Intel hearing becomes curtain-raiser for Comey

Intel hearing becomes curtain-raiser for Comey
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Four of the central characters in the controversy surrounding President Trump and the FBI's Russia investigation will appear on Capitol Hill on Wednesday morning, in the first of two blockbuster Senate hearings this week.  

National Intelligence Director Dan CoatsDaniel (Dan) Ray CoatsIntel heads to resume worldwide threats hearing scrapped under Trump Lack of cyber funds in Biden infrastructure plan raises eyebrows How President Biden can hit a home run MORE, National Security Agency head Adm. Michael Rogers, acting FBI Director Andrew McCabe and Deputy Attorney General Rod Rosenstein are scheduled to appear before the Intelligence Committee in what would otherwise be a workaday hearing on an expiring surveillance law.  

But Democrats are keen to press the four officials on the dismissal of former FBI Director James Comey, who is set to testify before the same committee the next day.  


Rosenstein wrote a stinging memo detailing Comey’s conduct that the White House initially used as its justification for firing Comey — and McCabe was Comey's second-in-command during a time when President Trump reportedly urged him to "let go" of the investigation into former national security adviser Michael Flynn.  

Media reports that President Trump asked Coats and Rogers to publicly deny the existence of evidence of any coordination between his campaign and Russia will also be a point of fierce interest.

Those reports — alongside Comey’s dismissal — have led Democrats to accuse the president of attempting to curtail the FBI’s investigation. Some have suggested that his actions amount to obstruction of justice, which they argue is an impeachable offense. 

The top Democrat on the committee, Sen. Mark WarnerMark Robert WarnerA bold fix for US international taxation of corporations Democrats offer competing tax ideas on Biden infrastructure Five ways an obscure Senate ruling could change Washington MORE (D-Va.), told reporters Tuesday that he planned to press Coats and Rogers on their conversations with the president and Rosenstein on the circumstances surrounding Comey’s dismissal.

“My hope is they will respond rather than trying to hide behind executive privilege,” Warner said Tuesday. 

That line of questioning is expected to quickly overwhelm the stated purpose of the hearing, lawmakers say. 

“Absolutely,” Sen. Joe ManchinJoe ManchinClose the avenues of foreign meddling Democrats see political winner in tax fight MSNBC's Joy Reid pans Manchin, Sinema as the 'no progress caucus' MORE (D-W.Va.) said when asked if the focus would be Trump and Russia, not the surveillance law.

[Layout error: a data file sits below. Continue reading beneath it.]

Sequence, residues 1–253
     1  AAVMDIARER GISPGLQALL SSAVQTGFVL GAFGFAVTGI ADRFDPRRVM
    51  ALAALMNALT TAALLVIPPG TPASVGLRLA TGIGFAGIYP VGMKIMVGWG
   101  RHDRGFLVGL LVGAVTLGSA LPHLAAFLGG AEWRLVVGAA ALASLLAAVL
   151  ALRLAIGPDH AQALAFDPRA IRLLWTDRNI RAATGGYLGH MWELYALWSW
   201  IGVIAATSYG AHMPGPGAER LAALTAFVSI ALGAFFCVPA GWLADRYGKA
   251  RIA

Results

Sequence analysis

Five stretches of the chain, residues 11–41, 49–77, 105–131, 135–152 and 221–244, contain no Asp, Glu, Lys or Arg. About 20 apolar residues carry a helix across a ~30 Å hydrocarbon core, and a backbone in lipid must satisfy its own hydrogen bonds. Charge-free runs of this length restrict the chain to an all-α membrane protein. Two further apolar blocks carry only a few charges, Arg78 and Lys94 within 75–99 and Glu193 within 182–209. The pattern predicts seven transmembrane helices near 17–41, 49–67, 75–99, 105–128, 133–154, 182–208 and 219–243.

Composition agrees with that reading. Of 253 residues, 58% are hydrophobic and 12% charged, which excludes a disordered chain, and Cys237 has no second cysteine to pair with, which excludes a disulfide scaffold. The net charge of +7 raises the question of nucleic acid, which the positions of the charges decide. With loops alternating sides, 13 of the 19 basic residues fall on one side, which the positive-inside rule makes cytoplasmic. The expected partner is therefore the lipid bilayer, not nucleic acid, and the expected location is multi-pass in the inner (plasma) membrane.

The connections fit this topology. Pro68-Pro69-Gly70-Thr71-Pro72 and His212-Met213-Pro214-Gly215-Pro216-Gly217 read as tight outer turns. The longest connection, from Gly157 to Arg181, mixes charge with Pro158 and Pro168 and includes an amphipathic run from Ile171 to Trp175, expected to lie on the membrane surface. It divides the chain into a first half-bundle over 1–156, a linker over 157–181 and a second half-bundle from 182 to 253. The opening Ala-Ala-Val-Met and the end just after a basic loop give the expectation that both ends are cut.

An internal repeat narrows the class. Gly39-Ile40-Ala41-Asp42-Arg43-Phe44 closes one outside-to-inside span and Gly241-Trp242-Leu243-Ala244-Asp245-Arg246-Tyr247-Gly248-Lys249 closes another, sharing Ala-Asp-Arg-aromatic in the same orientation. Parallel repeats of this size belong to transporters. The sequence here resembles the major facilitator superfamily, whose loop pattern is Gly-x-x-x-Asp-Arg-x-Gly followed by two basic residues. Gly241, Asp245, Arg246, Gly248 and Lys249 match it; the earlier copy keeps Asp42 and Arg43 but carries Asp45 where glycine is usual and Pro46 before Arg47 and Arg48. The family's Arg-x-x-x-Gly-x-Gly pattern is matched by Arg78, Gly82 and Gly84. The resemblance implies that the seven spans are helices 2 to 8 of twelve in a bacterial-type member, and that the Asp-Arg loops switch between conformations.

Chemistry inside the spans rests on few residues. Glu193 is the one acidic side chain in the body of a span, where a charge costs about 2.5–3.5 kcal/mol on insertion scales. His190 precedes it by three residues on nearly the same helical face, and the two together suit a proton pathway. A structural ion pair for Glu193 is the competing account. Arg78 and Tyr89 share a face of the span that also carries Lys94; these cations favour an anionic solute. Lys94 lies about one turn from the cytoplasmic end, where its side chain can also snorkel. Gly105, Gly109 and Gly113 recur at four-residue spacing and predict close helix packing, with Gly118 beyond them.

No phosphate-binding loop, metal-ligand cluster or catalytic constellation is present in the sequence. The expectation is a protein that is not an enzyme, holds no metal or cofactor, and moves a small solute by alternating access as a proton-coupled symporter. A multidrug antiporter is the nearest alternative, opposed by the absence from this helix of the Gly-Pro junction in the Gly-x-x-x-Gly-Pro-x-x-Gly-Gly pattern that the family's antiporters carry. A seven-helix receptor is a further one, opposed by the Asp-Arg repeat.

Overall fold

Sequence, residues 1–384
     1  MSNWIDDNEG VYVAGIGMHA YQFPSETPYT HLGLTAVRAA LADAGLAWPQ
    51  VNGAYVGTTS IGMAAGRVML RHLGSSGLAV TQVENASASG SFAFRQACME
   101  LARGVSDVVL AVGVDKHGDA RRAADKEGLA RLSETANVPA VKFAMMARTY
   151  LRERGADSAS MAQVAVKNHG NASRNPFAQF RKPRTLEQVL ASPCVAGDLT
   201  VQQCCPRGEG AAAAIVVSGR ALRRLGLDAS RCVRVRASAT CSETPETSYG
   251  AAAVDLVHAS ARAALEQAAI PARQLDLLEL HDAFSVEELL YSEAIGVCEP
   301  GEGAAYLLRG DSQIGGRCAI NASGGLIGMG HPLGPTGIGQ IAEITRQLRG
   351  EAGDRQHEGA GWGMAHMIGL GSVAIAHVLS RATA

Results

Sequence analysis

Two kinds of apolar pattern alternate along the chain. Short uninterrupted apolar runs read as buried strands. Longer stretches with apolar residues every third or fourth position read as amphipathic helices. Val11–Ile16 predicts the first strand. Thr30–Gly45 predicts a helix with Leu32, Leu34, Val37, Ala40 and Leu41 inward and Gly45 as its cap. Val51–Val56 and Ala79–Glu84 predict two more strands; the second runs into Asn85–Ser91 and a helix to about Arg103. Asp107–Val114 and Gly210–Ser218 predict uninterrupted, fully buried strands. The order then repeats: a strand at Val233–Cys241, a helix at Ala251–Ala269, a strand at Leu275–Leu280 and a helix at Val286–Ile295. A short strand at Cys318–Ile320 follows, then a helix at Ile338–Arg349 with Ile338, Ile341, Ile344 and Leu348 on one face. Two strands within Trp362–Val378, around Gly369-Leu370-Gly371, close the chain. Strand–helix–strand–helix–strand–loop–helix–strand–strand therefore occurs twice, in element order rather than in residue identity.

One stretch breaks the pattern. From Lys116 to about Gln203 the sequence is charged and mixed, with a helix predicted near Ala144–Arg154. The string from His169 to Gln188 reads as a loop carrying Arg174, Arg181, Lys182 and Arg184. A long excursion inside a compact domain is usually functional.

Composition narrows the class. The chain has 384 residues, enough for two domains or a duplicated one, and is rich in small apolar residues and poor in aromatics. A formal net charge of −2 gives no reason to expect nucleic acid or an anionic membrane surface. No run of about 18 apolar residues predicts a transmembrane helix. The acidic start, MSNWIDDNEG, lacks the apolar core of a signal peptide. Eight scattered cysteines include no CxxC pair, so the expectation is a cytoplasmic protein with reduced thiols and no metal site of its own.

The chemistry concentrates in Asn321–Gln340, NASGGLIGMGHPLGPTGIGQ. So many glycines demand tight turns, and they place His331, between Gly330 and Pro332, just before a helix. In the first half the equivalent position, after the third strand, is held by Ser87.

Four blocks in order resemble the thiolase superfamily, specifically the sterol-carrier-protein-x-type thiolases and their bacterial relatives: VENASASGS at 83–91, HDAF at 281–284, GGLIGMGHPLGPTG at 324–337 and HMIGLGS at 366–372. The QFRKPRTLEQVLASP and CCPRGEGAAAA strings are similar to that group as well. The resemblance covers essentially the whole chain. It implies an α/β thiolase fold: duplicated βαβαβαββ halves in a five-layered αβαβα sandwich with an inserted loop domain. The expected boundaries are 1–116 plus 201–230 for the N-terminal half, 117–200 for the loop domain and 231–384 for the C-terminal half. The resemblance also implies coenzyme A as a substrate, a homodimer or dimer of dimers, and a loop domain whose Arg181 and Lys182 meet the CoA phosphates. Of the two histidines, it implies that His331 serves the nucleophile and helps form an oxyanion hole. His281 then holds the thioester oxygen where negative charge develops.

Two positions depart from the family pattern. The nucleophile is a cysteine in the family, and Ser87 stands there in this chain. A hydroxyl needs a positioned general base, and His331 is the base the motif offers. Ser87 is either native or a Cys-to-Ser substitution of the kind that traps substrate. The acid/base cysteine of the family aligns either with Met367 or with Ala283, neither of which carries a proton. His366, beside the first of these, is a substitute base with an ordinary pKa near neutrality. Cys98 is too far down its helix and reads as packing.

Republicans are determined to press ahead with their questions on the reauthorization of what’s known as Section 702 of the Foreign Intelligence Surveillance Act (FISA), which sunsets at the end of this year.   

“I have no control of where hearings go, but I know that 702 reauthorization is an important issue, so that’s where my focus is going to be and that’s what everyone is programmed to talk about,” committee Chairman Richard BurrRichard Mauze BurrNorth Carolina mayor Rett Newton launches Senate bid Democratic hopeful Jeff Jackson raises .3M for North Carolina Senate bid Rick Scott 'very optimistic' Grassley will run for another term MORE (R-N.C.) said Tuesday. 

The provision, which allows American intelligence services to target and collect the communications of non-Americans located outside of the country, was thought to be on a comparatively smooth road to reauthorization.

But the authority — which the intelligence community views as a critical anti-terror tool — is suddenly on uncertain footing.  

The surveillance and exposure of Flynn's phone call with a Russian ambassador — and claims from the president and House Republicans that Obama administration officials inappropriately sought to learn the identities of Trump campaign officials whose names were incidentally collected in the intelligence dragnet — seems to have imperiled a straight reauthorization of the law. 

Hinting at the level of concern, all eight GOP members on the Senate intel panel — along with a handful of other prominent Republicans — on Tuesday signed onto a bill permanently extending Section 702 without any changes. 

“It’s true that this program occasionally does collect information about American citizens — and that will be true of any attempt to stop any kind of homegrown terrorism,” Sen. Tom CottonTom Bryant CottonMcConnell, GOP slam Biden's executive order on SCOTUS Overnight Defense: Biden proposes 3B defense budget | Criticism comes in from left and right | Pentagon moves toward new screening for extremists POW/MIA flag moved back atop White House MORE (R-Ark.) said on the floor. 

But, he said, “We can’t afford to let this program expire. It is not too much and it is not an exaggeration to say that American lives depend on Section 702.”